• kchses1

    I don’t think there is much danger in the Gov’t being reminded that the peoples patience for taxes and intrusions are not unlimited. People respond to different fears. Some people responded to the spector of wiretaps and arrests during the Bush administration with anxiety. Not completely unjustified. Until we see how our Gov’t uses power we sould always be wary. Many now see the spector of massive taxation and intrusion into our lives because of the deficits and the health care bill. Until we see how the gov’t will respond to both we should be wary.

  • jonswitzer

    Using the Exodus story is a massive stretch. Exodus was about God’s demand for obedience from those He had rescued. It was a Theocracy that was being set up. The Laws came from God himself. At Sinai idolaters were slaughtered by the Levites devoted to God. The honorable Rabbi writing this column makes no mention of that, leaving a vague feeling that Israel’s covenant was simply between humans. It is precisely humanism, resulting in statism, rejecting a God who teaches each individual their responsibilities for living in community that many Tea Partiers reject. In fact, there was NO multiculturalism, E Pluribus Unum in Israel’s beginning. Conformity was central to the Laws of Torah. Yes, aliens were embraced but only if they completely submitted to the Laws of Yahweh. Tea Partiers want government held accountable to God and not trying control the lives of the nation. They reject the idea that Government can solve man’s problems. Many believe, like Moses, that only God has the power to feed the nation (manna) and heal them (snakes on poles). God set Israel free from the all-controlling tyranny of the Pharaoh who thought man was an end to itself. Yes, they were to leave food for the poor, but that was done individually, field by field and through a tax to the Temple (not a large centralized government which God seemed to reject until the people rebelled in Samuel’s time and demanded a king to be like the other nations. At that point, God said, they are rejecting me, Samuel, not you.) Bit of a stretch Mr. Rabbi.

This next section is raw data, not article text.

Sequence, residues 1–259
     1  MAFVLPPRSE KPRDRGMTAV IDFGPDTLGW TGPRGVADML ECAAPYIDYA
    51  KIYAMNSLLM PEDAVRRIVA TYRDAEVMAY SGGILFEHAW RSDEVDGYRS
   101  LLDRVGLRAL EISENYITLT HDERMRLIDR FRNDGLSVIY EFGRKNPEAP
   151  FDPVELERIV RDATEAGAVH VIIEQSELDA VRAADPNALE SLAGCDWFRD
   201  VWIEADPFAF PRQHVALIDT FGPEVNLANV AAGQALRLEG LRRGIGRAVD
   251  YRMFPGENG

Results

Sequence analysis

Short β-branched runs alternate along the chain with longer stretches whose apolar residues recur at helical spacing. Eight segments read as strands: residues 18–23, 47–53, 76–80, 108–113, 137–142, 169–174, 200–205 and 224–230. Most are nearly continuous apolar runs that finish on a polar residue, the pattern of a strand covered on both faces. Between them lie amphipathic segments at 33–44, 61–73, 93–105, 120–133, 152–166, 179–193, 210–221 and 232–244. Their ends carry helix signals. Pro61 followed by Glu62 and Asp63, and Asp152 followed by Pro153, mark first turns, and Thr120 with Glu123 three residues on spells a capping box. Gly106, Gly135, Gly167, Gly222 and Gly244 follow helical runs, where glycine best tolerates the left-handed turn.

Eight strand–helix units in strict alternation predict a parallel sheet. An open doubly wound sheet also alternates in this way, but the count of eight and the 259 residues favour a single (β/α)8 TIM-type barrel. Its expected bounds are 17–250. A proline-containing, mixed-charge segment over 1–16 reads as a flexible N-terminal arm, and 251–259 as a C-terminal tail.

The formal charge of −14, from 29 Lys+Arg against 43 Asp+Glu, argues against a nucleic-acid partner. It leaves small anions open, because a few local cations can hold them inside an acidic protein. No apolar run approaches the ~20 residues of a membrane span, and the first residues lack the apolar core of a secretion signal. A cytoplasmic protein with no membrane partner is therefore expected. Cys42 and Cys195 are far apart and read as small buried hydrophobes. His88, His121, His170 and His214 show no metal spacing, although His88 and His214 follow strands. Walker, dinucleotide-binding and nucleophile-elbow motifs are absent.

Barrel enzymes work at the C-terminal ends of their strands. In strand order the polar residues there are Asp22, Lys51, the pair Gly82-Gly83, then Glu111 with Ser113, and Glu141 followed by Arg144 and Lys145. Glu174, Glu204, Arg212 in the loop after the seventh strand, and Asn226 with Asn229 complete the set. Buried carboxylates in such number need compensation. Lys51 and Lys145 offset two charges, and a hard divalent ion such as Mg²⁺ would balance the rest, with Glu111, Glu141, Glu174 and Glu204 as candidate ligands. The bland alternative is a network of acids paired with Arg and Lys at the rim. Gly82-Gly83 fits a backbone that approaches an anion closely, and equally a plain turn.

• globalone

    Buck,”It does so through taxes…”And where does the Government derive the power to tax the populace? By and through an Amendment to the Constitution.ObamaCare is neither allowable under the Constitution nor under any Amendment to the Constitution. (Which is why they are ducking behind the “Commerce Clause”)If this is such an historic law that has the support of the majority of U.S. citizens, then why not propose a Constitutional amendment?

  • rd3

    Fascinating story, this Passover thing, but I’d be more than a little interested in meeting these beings who actually brought and cast the plagues upon mankind. I’d also like to know exactly what deal these ancient Israelites made with these other-worldly beings in order to spare their lives over all others. Something about this story stinks from beginning to end and it’s for certain that there’s more going on here than biblical history has cared, or dared, to record.